The industry standard for most homes will instruct you to have your septic tank pumped every 3 to 5 years. Generally speaking this is a good rule to live by. However, the proper time frame between pumping’s can vary considerably when you apply the many different variables. The items listed below are some common variables, which may increase or decrease time frames between pumping’s.

What Are Some Warning Signs Indicating I May Need Service Or Have A Problem?

It is not uncommon for your septic system to let you know when service is required. However, waiting for a warning sign may result in irreversible damage to your drain field. Warning signs usually occur when you are dangerously close to sewage back up in your home. When sewage backs up into home, the expense of cleaning and replacing damaged floors, carpet, household goods, furniture and walls is far more costly than regular and timely septic service or maintenance.

Suspect signs of septic issues will include some of the following:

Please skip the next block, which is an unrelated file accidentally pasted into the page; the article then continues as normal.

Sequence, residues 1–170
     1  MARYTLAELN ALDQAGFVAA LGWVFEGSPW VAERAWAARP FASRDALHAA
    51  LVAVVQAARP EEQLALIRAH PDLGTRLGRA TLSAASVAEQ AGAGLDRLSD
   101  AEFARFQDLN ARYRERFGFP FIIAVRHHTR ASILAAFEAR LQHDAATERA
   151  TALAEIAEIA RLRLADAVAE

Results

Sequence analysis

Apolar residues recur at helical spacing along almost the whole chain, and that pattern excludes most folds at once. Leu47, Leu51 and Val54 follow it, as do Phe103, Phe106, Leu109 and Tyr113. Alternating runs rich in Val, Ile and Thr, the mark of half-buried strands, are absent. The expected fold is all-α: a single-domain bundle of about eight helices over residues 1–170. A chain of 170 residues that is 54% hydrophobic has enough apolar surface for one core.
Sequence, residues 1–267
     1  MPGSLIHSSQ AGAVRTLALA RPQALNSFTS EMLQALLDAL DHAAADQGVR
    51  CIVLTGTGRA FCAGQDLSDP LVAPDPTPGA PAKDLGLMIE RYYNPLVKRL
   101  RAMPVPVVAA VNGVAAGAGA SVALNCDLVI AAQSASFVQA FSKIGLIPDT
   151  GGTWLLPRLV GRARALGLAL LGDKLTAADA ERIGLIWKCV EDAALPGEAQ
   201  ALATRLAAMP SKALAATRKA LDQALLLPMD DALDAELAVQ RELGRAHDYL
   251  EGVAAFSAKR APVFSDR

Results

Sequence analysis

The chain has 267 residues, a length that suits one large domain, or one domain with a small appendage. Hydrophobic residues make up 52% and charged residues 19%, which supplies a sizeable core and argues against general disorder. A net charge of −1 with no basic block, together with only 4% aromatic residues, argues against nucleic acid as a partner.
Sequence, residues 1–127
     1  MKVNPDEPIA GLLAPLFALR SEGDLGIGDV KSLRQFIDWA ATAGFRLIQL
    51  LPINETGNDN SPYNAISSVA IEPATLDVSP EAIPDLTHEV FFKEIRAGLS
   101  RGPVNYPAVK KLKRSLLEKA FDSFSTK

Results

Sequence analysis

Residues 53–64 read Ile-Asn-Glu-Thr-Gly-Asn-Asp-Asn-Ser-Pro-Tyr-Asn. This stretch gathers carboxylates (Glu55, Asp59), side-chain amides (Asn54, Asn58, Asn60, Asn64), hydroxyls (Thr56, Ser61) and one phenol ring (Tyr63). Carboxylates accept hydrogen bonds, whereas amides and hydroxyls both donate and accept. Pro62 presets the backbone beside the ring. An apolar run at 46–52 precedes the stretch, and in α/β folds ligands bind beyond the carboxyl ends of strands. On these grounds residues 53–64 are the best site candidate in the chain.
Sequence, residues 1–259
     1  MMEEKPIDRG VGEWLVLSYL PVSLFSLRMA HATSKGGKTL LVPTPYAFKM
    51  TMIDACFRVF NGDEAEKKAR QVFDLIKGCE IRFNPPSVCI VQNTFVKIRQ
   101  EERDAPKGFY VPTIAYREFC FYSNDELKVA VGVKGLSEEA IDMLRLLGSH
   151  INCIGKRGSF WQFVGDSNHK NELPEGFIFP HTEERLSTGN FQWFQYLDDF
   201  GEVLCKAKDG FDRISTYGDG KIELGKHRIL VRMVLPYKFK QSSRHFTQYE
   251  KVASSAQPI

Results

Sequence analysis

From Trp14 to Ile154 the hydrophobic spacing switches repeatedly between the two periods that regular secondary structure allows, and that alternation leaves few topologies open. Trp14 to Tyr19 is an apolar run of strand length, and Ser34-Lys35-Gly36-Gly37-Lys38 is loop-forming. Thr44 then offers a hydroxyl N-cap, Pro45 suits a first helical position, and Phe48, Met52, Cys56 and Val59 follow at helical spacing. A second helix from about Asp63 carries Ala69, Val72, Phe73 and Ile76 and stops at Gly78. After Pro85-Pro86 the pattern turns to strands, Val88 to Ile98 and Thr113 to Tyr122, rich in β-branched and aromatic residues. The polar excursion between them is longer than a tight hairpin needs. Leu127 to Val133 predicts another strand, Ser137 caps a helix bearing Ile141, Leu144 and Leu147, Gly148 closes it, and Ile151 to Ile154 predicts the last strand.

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What Can I Expect When The Tech Arrives?

Each of our trucks and field techs are fully equipped with the proper tools and knowledge to provide you the best service possible.

We locate your septic tank and expose the access lids in order to enter your tank. We remove the waste from your tank including all liquids and solids. Once the job is complete we properly dispose of your waste at an authorized sewage treatment facility. When applicable, we contact the county to inform them of the service provided. We keep our trucks clean and leak free in order to prevent stains on your driveway. We carry locator machines to assist our techs with hard to find tanks. We carry over 135 of hose on each truck in order to access your tank from a far. We pride ourselves on doing the best job while creating the least amount of mess. Obviously, we must disturb the ground in order to access your septic tank. We do our best to remove your sod and replace it back to original form, disguising the fact we were ever even there. Expect a square approximately 30”x 30” of loose soil after we have completed the job.

Contact us for scheduling and pricing 864-501-5231